Report to Congress: Anton's Law, Section 6 - Evaluation of Integrated Child Safety Systems

Anton's Law, Public Law 107-318 (116 Stat. 2772), calls, in part, for evaluation of integrated child safety systems. Section 6 directs the Secretary of Transportation to evaluate built-in or integrated child restraints and booster seats in the following areas: (1) the safety of the child restraint and correctness of fit for the child; (2) the availability of testing data on the system and vehicle in which the child restraint will be used; (3) the compatibility of the child restraint with different makes and models of vehicles; (4) the cost-effectiveness of mass production of the child restraint for consumers; (5) the ease-of-use and relative availability of the child restraint to children riding in motor vehicles; and (6) the benefits of integrated seats for improving compliance with State child occupant restraint laws. Anton's Law also directs the Secretary to report to Congress on this evaluation no later than December 4, 2003 (12 months from the date of enactment). This report fulfills the reporting requirement. Briefly, the findings are as follows: (1) There are no existing integrated seats that can properly fit all heights and weights of children. It is assumed that integrated child restraints would be designed for children age 1-7, with internal harnesses for 1 to 3 year olds. There are also no rear-facing integrated seats, meaning that infants still need rear-facing add-on child restraints. (2) Analysis of Compliance and New Car Assessment Program (NCAP) data and a Children's Hospital of Philadelphia (CHOP) study indicate that integrated child restraints do not provide enhanced safety over add-on child restraint systems. (3) The agency knows of no compatibility problems for integrated child restraints, although there are some concerns regarding proper fit. The agency would expect a small benefit from integrated child restraints for compatibility if all vehicles were equipped with integrated child restraints. (4) The estimated incremental benefits of requiring one integrated child restraint per vehicle over the current situation would be up to 20 lives saved and 166 Abbreviated Injury Severity (AIS) 2-5 (Moderate-Critical) injuries reduced annually. The incremental cost would be $302 million annually, resulting in an incremental cost of about $20 million per equivalent life saved (discounted at 7%). (5) It is assumed that because integrated child seats are permanently installed in vehicles, they are easy to use. However, the National Highway Traffic Safety Administration has not done a rating on integrated child restraints based on their ease of use to confirm this assumption. In fiscal year 2004 the agency will examine the feasibility of developing criteria to rate integrated child seats and evaluate the criteria to determine if an ease of use rating program for integrated child seats would be beneficial to consumers. (6) Integrated child restraints have not been designed for rear-facing infants. Also, integrated child restraints are not designed for every seating position, and many families have three or more children in the 1-7 year old age group. Thus all children required by State laws to be in child restraints cannot use an integrated child restraint to meet the State law. They would need to be restrained by add-on child restraints.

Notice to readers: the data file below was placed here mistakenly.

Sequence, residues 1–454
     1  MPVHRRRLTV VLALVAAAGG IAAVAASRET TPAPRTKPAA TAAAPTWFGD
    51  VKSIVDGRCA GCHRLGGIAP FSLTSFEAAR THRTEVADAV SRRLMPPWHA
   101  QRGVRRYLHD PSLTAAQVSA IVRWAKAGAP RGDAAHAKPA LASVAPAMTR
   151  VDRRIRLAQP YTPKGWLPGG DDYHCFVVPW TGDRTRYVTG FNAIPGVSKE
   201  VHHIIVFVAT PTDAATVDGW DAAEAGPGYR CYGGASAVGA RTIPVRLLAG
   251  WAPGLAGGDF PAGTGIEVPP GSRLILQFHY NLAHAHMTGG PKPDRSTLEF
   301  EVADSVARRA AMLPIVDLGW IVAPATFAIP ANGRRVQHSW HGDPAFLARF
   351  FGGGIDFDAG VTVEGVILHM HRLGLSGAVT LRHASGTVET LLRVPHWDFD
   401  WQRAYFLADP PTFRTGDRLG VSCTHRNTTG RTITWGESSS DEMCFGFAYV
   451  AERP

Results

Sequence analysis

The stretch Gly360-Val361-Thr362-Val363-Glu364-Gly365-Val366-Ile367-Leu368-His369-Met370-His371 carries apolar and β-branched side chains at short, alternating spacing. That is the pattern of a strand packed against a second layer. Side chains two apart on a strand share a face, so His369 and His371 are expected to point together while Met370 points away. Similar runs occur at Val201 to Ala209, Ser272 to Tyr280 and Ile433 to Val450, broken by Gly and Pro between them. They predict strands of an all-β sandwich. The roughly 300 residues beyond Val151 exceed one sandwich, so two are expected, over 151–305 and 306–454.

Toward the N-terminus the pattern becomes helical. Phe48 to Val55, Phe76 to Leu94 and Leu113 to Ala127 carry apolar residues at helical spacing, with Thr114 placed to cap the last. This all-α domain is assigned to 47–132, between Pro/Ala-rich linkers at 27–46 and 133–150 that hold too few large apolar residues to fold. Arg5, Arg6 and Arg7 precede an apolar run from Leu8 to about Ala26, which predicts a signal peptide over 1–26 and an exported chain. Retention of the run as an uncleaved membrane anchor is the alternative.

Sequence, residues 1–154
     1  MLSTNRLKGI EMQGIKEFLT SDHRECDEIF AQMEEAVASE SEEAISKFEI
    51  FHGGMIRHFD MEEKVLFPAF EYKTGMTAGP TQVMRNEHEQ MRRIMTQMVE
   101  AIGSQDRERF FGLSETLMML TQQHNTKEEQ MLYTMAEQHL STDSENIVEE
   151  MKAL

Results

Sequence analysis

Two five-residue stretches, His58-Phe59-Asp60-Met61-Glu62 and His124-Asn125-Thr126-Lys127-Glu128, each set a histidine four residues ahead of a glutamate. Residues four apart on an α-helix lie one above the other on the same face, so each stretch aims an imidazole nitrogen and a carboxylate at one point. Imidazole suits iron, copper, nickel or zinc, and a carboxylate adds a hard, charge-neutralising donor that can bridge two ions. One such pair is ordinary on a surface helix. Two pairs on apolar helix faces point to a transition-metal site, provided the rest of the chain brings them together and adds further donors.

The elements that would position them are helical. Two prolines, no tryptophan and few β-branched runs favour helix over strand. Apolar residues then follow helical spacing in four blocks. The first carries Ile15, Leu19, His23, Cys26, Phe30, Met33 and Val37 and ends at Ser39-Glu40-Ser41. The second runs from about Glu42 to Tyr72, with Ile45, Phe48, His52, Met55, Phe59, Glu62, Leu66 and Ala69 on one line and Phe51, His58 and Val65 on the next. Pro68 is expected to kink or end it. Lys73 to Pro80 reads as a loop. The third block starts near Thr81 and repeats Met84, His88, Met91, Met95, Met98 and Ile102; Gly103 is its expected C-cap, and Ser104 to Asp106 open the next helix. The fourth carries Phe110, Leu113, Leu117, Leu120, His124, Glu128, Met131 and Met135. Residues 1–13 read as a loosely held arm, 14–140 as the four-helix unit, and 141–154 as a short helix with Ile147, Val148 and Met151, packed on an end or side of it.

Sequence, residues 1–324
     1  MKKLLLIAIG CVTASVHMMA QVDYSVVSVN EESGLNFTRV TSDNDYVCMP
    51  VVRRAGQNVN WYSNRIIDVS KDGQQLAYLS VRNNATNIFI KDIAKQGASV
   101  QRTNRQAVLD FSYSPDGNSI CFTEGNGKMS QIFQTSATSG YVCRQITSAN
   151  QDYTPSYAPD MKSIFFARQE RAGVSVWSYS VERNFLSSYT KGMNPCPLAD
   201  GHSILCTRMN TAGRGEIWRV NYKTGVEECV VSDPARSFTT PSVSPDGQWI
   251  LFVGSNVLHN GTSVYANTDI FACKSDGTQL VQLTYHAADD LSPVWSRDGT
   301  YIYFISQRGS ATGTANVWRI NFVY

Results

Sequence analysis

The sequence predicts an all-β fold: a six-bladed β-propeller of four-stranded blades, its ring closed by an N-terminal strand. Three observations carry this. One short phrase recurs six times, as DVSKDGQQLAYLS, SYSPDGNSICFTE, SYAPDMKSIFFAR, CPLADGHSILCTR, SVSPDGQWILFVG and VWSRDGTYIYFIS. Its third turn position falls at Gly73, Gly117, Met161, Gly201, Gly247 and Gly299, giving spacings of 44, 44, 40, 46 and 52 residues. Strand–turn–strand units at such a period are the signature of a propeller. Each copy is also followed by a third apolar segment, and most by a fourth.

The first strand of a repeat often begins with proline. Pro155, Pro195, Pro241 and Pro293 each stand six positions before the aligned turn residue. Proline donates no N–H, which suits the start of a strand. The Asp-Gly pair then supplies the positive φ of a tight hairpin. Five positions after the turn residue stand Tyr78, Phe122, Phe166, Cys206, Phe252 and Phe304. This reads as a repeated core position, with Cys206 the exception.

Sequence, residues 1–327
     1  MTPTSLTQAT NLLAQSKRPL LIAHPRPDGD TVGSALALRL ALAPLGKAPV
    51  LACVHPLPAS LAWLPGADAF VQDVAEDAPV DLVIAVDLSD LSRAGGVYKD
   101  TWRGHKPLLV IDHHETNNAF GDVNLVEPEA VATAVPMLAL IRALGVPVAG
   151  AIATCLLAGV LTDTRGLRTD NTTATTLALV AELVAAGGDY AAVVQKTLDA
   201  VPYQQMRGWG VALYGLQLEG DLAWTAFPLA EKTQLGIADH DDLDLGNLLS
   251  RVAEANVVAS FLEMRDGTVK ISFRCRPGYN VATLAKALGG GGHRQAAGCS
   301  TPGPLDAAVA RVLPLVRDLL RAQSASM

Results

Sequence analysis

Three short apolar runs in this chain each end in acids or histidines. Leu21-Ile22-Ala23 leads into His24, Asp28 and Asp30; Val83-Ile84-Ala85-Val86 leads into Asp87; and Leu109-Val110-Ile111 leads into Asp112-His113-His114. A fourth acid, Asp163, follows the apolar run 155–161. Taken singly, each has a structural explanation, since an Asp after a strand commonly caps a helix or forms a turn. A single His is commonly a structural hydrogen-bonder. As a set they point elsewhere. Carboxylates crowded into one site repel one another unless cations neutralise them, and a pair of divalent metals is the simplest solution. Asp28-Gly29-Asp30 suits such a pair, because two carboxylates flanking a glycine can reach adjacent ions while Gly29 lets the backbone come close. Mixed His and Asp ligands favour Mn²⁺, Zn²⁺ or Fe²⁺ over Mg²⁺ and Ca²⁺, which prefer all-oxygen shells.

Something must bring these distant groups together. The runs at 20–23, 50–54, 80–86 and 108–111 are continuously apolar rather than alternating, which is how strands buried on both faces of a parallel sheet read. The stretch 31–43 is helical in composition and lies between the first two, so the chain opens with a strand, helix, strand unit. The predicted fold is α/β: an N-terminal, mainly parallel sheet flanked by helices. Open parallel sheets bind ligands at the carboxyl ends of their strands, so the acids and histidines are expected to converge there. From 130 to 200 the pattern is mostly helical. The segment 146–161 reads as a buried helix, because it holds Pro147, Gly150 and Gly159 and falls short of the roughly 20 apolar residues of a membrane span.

• English

Media Info

  • Media Type: Print
  • Features: Tables;
  • Pagination: 37p

Subject/Index Terms

Filing Info

  • Accession Number: 01000755
  • Record Type: Publication
  • Source Agency: National Highway Traffic Safety Administration
  • Files: HSL, TRIS, USDOT
  • Created Date: Jun 3 2005 2:37PM